The first book of its kind, Bison: Portrait of an Icon tells the story of this distinctly American species—its history, majesty, cultural significance, and comeback story—through the stunning, dramatic photography of Audrey Hall. Tying together these visually captivating photographs is an extended essay by author Chase Reynolds Ewald, who weaves through her narrative voices of ranchers, policy makers, artists, and Native American tribal herd managers throughout the Great Plains and Mountain West.
Having been saved from the brink of extinction, the bison today—with its rugged, primitive build, remarkable speed and hardiness, primeval wooly hide, and sheer strength—is a distinctly American icon. With a foreword by prominent natural history presenter and filmmaker John Heminway and an essay by Montana Poet Laureate Henry Real Bird, Bison: Portrait of an Icon is a book of beauty, depth, and lasting significance.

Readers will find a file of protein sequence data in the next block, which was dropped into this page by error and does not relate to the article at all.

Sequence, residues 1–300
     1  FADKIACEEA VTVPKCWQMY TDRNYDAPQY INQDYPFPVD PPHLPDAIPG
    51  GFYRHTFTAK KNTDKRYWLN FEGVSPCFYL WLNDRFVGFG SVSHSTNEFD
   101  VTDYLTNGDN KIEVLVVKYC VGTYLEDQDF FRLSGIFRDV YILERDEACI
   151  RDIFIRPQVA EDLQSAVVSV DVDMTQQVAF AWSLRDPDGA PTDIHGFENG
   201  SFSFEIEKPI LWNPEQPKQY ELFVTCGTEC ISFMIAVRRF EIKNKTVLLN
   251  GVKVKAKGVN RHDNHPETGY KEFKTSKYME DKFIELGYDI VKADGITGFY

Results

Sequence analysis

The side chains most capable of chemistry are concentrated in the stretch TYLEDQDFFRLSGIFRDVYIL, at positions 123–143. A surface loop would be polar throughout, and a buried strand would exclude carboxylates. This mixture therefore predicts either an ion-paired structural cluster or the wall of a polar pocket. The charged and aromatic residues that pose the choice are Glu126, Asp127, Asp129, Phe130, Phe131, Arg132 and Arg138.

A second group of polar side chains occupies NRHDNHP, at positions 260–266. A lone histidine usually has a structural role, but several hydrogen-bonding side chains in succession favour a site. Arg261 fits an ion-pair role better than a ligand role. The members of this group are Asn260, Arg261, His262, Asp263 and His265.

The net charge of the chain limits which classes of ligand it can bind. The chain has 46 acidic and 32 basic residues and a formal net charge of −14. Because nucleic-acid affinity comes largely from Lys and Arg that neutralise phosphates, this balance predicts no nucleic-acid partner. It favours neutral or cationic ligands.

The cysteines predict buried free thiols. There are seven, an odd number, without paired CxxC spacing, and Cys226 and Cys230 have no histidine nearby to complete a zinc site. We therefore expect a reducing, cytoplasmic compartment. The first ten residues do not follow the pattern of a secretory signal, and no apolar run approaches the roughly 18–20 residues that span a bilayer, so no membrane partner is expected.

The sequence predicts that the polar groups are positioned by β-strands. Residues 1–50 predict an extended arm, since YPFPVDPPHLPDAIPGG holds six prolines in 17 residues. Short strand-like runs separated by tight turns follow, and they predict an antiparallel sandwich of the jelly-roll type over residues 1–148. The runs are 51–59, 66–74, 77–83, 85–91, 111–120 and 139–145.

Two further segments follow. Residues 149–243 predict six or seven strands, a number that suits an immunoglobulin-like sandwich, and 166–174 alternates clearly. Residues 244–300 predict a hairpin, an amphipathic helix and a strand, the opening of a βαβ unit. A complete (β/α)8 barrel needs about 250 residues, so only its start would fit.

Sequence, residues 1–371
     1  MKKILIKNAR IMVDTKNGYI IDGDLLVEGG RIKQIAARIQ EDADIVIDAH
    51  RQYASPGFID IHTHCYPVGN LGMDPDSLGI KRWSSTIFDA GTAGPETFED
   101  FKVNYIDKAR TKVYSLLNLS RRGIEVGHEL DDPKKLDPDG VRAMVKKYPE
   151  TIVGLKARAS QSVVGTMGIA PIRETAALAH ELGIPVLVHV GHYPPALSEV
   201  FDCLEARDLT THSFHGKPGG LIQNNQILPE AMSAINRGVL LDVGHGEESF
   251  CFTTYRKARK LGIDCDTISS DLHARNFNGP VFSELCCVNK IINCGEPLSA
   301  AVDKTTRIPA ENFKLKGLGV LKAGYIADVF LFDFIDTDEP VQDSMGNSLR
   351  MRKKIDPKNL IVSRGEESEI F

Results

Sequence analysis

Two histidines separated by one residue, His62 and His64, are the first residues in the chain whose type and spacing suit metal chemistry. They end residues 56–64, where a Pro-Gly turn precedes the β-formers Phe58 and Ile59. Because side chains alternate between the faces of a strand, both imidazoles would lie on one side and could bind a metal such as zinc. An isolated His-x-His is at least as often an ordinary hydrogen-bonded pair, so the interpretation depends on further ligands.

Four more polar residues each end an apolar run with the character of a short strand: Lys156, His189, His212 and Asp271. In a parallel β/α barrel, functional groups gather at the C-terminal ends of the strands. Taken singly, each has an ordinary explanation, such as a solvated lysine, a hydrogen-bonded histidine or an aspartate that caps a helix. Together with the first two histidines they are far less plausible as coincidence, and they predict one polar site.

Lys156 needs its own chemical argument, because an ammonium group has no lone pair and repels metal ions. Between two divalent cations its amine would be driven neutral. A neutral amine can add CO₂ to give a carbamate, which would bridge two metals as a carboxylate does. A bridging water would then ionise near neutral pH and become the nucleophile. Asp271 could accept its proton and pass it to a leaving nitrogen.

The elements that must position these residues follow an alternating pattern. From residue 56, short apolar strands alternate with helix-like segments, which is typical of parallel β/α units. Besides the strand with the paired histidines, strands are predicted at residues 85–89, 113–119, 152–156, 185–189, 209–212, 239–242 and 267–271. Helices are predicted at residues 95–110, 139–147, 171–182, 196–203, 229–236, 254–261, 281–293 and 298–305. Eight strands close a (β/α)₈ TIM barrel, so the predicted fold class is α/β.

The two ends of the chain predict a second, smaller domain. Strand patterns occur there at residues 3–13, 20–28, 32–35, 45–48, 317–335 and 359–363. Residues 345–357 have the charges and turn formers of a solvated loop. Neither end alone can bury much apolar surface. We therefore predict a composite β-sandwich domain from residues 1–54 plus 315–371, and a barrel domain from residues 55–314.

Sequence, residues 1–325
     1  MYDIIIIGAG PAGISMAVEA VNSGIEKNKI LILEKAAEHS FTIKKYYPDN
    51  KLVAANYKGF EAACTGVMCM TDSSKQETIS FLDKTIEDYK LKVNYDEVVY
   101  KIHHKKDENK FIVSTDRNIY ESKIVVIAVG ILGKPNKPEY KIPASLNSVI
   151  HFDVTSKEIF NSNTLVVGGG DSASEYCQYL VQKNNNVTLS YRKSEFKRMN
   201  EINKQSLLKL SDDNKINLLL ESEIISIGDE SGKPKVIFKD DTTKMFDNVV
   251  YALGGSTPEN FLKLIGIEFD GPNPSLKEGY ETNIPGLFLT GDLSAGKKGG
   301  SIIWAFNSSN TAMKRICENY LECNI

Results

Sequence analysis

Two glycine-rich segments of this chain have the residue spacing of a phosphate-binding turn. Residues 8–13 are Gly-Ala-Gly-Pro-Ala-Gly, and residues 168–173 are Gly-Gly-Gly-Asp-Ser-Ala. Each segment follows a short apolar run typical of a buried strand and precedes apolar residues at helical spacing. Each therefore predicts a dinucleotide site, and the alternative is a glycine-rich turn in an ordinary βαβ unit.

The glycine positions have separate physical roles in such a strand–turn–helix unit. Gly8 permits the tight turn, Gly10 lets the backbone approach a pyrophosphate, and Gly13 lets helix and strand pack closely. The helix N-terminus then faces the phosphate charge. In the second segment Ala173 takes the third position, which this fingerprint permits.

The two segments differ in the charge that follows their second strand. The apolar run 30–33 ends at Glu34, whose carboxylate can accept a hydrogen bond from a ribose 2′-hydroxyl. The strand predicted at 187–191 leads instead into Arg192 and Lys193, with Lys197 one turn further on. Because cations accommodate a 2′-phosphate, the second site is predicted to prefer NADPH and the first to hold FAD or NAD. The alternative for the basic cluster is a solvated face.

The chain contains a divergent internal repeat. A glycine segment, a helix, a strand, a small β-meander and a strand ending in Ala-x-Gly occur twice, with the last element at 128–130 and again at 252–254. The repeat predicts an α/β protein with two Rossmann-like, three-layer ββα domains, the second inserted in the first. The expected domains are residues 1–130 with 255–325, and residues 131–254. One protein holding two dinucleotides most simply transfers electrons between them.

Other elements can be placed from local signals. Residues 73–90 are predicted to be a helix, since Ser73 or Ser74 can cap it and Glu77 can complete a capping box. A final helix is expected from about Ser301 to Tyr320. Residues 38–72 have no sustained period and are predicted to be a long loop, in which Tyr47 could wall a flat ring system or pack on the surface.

Rooted in the dirt of the American West, Audrey Hall has been working with a camera for two decades. Her career in the visual arts includes over a hundred feature, commercial, documentary, book and fine art projects for a wide variety of national and international clients. A Rotary scholar, she studied photography at the renowned Glasgow School of Art in Scotland. She lives in Montana.
Chase Reynolds Ewald has been writing about design, travel, and lifestyle for 25 years. A graduate of Yale and the Graduate School of Journalism and U.C. Berkeley, she is currently senior editor of Western Art & Architecture Magazine. She lives in California.
A portion of all pre-sales of the book will be donated to the American Praries Reserve.